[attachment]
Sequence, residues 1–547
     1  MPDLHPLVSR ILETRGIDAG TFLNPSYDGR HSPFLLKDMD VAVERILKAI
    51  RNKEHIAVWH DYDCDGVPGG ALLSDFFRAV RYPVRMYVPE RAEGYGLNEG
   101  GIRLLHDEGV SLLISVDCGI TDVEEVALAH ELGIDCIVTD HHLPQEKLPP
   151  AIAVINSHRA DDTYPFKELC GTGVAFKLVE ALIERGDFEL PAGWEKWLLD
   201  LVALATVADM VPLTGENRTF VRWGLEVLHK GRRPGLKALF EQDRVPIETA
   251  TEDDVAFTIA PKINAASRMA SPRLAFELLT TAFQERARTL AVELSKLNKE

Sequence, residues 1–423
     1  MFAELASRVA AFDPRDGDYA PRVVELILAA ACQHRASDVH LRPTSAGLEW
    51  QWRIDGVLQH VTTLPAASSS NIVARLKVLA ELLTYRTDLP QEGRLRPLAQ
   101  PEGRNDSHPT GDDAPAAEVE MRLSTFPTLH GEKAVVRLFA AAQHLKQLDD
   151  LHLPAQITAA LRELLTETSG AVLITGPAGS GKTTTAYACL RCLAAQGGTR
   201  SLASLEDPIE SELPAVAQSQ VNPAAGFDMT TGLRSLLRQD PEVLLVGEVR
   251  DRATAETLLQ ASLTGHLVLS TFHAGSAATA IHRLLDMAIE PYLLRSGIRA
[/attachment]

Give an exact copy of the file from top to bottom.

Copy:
Sequence, residues 1–547
     1  MPDLHPLVSR ILETRGIDAG TFLNPSYDGR HSPFLLKDMD VAVERILKAI
    51  RNKEHIAVWH DYDCDGVPGG ALLSDFFRAV RYPVRMYVPE RAEGYGLNEG
   101  GIRLLHDEGV SLLISVDCGI TDVEEVALAH ELGIDCIVTD HHLPQEKLPP
   151  AIAVINSHRA DDTYPFKELC GTGVAFKLVE ALIERGDFEL PAGWEKWLLD
   201  LVALATVADM VPLTGENRTF VRWGLEVLHK GRRPGLKALF EQDRVPIETA
   251  TEDDVAFTIA PKINAASRMA SPRLAFELLT TAFQERARTL AVELSKLNKE

Sequence, residues 1–423
     1  MFAELASRVA AFDPRDGDYA PRVVELILAA ACQHRASDVH LRPTSAGLEW
    51  QWRIDGVLQH VTTLPAASSS NIVARLKVLA ELLTYRTDLP QEGRLRPLAQ
   101  PEGRNDSHPT GDDAPAAEVE MRLSTFPTLH GEKAVVRLFA AAQHLKQLDD
   151  LHLPAQITAA LRELLTETSG AVLITGPAGS GKTTTAYACL RCLAAQGGTR
   201  SLASLEDPIE SELPAVAQSQ VNPAAGFDMT TGLRSLLRQD PEVLLVGEVR
   251  DRATAETLLQ ASLTGHLVLS TFHAGSAATA IHRLLDMAIE PYLLRSGIRA